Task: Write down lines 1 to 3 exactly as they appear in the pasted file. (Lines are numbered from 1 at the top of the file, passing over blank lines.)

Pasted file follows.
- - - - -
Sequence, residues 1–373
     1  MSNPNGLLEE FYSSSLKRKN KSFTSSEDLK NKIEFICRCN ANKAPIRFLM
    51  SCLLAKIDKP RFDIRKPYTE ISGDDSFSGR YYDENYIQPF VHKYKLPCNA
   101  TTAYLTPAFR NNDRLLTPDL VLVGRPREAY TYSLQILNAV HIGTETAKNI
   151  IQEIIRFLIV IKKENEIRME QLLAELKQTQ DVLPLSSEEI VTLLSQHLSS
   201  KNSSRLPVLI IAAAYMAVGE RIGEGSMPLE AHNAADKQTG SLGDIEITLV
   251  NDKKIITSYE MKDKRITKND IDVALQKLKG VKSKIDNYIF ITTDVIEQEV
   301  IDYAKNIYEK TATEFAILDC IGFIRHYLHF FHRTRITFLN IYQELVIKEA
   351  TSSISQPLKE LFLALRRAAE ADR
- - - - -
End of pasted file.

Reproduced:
Sequence, residues 1–373
     1  MSNPNGLLEE FYSSSLKRKN KSFTSSEDLK NKIEFICRCN ANKAPIRFLM
    51  SCLLAKIDKP RFDIRKPYTE ISGDDSFSGR YYDENYIQPF VHKYKLPCNA